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A guide to Sorrento

Located near the Amalfi Coast, Sorrento is a must-visit destination for tourists who want to immerse themselves in the Southern Mediterranean lifestyle.

Sorrento is a small town with a population of 16,000, but its residents are warm, welcoming, and passionate about their culture.

A short train ride from Naples and Pompeii, Sorrento is a picturesque escape from busy city life. Known for dazzling waters, gorgeous greenery, and of course, artisan crafted limoncello, Sorrento is the stuff of tourist dreams.

What is the history of Sorrento?

Many believe the name Sorrento comes from the myth of the Sirens. Legend has it that Sorrento was the home of the mythical Sirens that lured sailors to their deaths with their irresistible voices.

Though the Sirens seem to be gone from the town, something about Sorrento calls out to travelers near and far, pulling them to its rocky coast and serene shores--as it has for thousands of years.

Under the Roman Empire, Sorrento was a vacation hotspot for elites. In the 1800s, Sorrento was a stop on the Grand Tour, the journey taken by wealthy international travelers to become more worldly.

Great artists such as Keats and Byron drew inspiration from the town and the culture of the Sorrentini people. Today, visitors still travel from all over the world to indulge in Sorrento’s scenery and mystic charm.

What is Sorrento known for?

Sorrento is famous for its lemons, aptly called Sorrento Lemons. Grown in the volcanic soils of the Amalfi Coast, Sorrento Lemons are juicy and flavorful, without the bitterness of other types of lemons.

Sorrento Lemons serve many purposes in Sorrentini cuisine, with one of the most popular being Sorrento Limoncello. Limoncello is a tart, sweet liquor made from lemon rinds.

Today, local Sorrento Limoncello is made using the same recipes and techniques that were developed centuries ago. It can be found in shops and market stands all over Sorrento. Lemon sorbet is another popular and delicious use of Sorrento Lemons.

Sorrento’s lesser known claim-to-fame is intarsia, or marquetry, the art of wood inlay. Intarsia is a meticulous, delicate style of woodworking that produces detailed mosaics and images inlaid onto boxes, doors, furniture, and other wooden surfaces.

Intarsia can be seen around the town, such as on the door of the historic Duomo dei San Filippo e Giacomo. For visitors interested in learning more about Intarsia, the Museo Bottega della Tarsia Lignea is a museum dedicated to the craft.

What is there to do in Sorrento?

Bagni della Regina Giovanna

One of the best ways to get to know Sorrento is by giving yourself a walking tour. Walk along the coast, and take time to stop along the many viewing points, grabbing a cup of fresh lemon sorbet as necessary.

Corso Italia is the main pedestrian street in Sorrento, and it’s a great spot to people-watch and shop. Here, visitors will find restaurants, cafes, gelaterias, and souvenir shops.

Villa Comunale is a nearby public garden that offers a serene view of Mount Vesuvius, the Bay of Naples, and the Marina Piccola port below. Make a stop at I Giardini di Cataldo, a traditional lemon grove, to see how Sorrento Lemons are farmed in Sorrento.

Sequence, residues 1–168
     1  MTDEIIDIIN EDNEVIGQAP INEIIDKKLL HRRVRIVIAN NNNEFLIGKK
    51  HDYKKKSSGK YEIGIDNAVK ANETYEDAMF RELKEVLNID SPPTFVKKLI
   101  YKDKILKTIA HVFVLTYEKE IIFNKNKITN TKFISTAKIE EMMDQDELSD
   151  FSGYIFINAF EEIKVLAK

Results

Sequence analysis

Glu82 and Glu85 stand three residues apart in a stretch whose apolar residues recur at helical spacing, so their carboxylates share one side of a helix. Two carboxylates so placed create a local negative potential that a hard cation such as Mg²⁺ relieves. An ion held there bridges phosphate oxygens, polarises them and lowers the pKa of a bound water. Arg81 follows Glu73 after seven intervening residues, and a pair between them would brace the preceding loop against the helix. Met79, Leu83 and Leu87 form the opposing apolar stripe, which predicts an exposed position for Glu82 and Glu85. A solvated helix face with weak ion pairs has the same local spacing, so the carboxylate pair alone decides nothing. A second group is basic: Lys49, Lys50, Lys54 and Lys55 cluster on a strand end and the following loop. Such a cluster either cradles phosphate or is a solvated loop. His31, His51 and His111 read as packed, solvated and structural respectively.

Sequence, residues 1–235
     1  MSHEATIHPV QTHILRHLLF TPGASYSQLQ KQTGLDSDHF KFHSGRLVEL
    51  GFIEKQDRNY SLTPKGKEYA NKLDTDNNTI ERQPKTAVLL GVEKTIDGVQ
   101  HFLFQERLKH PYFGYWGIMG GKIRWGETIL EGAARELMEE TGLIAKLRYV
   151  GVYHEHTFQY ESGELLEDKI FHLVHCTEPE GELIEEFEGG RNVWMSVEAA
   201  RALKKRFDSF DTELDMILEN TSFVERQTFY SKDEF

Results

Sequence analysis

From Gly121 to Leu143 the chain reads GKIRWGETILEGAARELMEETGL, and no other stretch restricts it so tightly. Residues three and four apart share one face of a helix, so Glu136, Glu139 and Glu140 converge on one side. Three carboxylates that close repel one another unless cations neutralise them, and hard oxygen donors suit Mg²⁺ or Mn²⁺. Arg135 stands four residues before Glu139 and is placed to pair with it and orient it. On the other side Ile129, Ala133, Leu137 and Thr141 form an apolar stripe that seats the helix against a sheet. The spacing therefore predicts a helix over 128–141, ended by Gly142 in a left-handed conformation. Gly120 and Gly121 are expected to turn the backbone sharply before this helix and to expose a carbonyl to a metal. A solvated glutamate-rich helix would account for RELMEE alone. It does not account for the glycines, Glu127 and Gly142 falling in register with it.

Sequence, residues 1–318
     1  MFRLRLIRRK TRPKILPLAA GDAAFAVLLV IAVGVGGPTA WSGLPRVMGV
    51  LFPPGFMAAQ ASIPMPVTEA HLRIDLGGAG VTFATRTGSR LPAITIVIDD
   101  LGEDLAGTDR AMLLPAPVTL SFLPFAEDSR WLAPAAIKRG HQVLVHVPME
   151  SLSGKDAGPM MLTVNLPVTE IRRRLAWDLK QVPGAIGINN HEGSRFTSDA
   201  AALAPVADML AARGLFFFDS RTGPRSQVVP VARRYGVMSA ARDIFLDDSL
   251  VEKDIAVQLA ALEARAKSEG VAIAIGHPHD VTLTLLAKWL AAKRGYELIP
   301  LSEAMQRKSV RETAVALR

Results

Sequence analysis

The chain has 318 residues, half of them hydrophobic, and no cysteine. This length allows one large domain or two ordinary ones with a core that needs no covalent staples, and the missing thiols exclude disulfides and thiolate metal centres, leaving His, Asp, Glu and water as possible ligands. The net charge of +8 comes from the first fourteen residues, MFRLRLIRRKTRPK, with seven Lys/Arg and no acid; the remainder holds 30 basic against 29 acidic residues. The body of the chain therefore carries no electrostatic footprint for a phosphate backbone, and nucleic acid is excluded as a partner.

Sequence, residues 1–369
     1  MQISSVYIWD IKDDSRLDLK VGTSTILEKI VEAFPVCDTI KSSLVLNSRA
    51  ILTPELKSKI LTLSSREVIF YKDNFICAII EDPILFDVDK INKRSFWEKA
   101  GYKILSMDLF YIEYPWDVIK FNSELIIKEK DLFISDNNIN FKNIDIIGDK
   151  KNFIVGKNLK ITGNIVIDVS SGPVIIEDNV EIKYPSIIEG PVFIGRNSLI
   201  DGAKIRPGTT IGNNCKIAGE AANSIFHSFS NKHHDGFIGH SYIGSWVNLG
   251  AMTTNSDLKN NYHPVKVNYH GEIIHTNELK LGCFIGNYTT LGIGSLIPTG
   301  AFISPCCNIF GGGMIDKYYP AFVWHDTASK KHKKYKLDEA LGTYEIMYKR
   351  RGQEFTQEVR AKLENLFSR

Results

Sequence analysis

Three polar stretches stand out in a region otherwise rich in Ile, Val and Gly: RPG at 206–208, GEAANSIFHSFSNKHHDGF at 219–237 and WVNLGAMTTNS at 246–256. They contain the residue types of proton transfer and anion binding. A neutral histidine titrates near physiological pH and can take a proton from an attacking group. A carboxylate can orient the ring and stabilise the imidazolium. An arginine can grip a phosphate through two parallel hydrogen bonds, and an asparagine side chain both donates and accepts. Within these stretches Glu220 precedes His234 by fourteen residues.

Stop for a coffee in Piazza Tasso, the lively central piazza in Sorrento, named after the Sorrentini poet Torquato Tasso.

Il Vallone dei Mulini is an ancient mill not far from Piazza Tasso that remains impressively intact. While visitors cannot enter the mill, they can look down on it from the road above.

When you get a craving for limoncello, walk to Limonoro, a limoncello shop that combines the tradition of limoncello-making with a passion for Sorrentino culture. Play your cards right and you might just get a free sample!

For scenic swimming, take a bus to the Bagni della Regina Giovanna, a natural pool surrounded by ancient Roman ruins.

Sorrento is also a great hopping-off point for exploring the rest of the Amalfi Coast.

It’s only a short bus ride from Positano, and a 30-minute ferry ride from Capri. Many tourists use it as a way to see Capri without staying overnight on the pricey island.

What’s the best time of year to visit Sorrento?

Sorrento is a perfect destination for spring and early summer vacations because the sea breeze offers a nice escape from hotter regions in Italy.

Also read: 

A guide to Ponza Island in Italy

In late summer, around July and August, Sorrento can experience days of unbearable heat and harsh sun. During this time, it’s best to plan for long days by the water and lots of lemon sorbet.

For those who prefer to travel in winter, Sorrento is a must-visit destination for its Christmas traditions. Starting in late November, Sorrento goes all out to celebrate the Christmas holidays, decorating trees, lamp posts, and streets with dazzling lights.

December is jam-packed with Christmas themed events, such as markets, concerts, and performances. On New Year’s Eve, there is a public party held in Piazza Tasso.

How can I get to Sorrento?

Though Sorrento doesn’t have an airport, the town can easily be reached from nearby cities in Italy.

Buses run from most nearby cities, but traveling by train is often the fastest, cheapest option. From Naples, take the Circumvesuviana train to Sorrento. The ticket is less than 5 euro and lasts around one hour.

From Rome, take a train from the Roma Termini station to the Sorrento station. The trip lasts between two and four hours, and may include a transfer in Naples. Prices vary. Trains also run from Pompeii to Naples.

Sorrento can also be reached by ferry from Capri, Ischia, Amalfi, Positano and Naples.

General Info

Address 80067 Sorrento, Metropolitan City of Naples, Italy

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A guide to Sorrento

80067 Sorrento, Metropolitan City of Naples, Italy

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